A.     Restrictions on exercise of official authority.
1.     No County employee or official knowingly or willfully shall use the authority of his or her office or employment or any confidential information received through his or her holding County office or employment for the personal or private benefit of himself or herself, a member of his or her immediate family or a business with which he or she is associated. This prohibition does not include an action having a de minimis economic impact or which affects to the same degree a class consisting of the general public or a subclass consisting of an industry, occupation or other group which includes the County official or employee, a member of his or her immediate family or a business with which he or she or a member of his or her immediate family is associated. There will be a rebuttable presumption of a knowing or willful violation of this section if the action benefits the County official or employee, his or her spouse, or his or her dependent children (whether by blood or by law).
. . .
B.     Restrictions on representing another's interest before the County.
1.     No County employee or County official may represent or otherwise assist any private enterprise with respect to any matter before the County Department with which the employee or official is associated by employment or appointment.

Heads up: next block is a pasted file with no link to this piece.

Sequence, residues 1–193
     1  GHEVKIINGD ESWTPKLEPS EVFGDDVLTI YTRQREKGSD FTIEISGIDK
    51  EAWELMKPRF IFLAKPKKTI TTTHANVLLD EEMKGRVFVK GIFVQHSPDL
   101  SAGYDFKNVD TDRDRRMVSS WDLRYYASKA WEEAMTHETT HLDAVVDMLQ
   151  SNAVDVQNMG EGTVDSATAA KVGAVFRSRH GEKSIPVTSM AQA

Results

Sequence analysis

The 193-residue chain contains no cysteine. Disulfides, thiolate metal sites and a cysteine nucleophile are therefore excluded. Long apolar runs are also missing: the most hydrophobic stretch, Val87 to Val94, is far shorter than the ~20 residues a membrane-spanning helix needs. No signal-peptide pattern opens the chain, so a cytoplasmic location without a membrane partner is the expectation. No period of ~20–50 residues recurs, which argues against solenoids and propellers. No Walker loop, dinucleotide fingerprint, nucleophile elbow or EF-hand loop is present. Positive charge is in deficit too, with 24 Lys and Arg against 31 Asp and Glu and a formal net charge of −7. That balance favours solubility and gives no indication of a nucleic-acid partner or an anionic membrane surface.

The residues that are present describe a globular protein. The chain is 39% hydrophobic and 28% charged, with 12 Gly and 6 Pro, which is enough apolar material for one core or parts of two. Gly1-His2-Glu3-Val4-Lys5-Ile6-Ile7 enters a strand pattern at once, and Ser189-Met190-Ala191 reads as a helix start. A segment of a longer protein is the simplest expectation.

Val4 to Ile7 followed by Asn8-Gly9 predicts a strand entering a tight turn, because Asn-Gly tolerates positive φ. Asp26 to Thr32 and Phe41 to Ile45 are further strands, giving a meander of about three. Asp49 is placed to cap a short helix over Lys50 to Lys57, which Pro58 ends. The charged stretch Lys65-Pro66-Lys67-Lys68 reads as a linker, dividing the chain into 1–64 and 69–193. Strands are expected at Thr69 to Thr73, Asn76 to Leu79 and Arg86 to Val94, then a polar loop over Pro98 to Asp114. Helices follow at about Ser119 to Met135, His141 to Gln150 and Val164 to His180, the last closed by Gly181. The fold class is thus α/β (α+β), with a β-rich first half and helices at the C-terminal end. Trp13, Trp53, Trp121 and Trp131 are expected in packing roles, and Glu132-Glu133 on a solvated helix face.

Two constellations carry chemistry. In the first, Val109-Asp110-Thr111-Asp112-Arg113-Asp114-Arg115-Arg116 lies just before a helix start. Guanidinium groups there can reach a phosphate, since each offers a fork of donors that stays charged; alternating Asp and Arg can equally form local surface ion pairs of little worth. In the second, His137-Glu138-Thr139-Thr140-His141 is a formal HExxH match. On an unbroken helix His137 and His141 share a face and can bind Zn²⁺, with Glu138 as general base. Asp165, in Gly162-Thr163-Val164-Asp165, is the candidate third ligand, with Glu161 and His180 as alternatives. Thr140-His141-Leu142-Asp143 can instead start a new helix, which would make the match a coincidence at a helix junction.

2.     No County official may represent or otherwise assist any private enterprise with respect to any matter before the County. This prohibition is to be considered personal to the County official and is not, for purposes of the New Castle County Ethics Code only, deemed to impact other members of a firm, business or other employer by which the County official is employed.
3.     This subsection shall not preclude any County employee or County official from appearing before the County or otherwise assisting any private enterprise with respect to any matter in the exercise of his or her official duties.

2 New Castle County Code Sec. 2.03.104. Code of conduct.
A. No County employee or County official shall engage in conduct which, while not constituting a violation of Section 2.03.103(A)(1) [conflict of interest], undermines the public confidence in the impartiality of a governmental body with which the County employee or County official is or has been associated by creating an appearance that the decision or action of the County employee, County official or governmental body are influenced by factors other than the merits.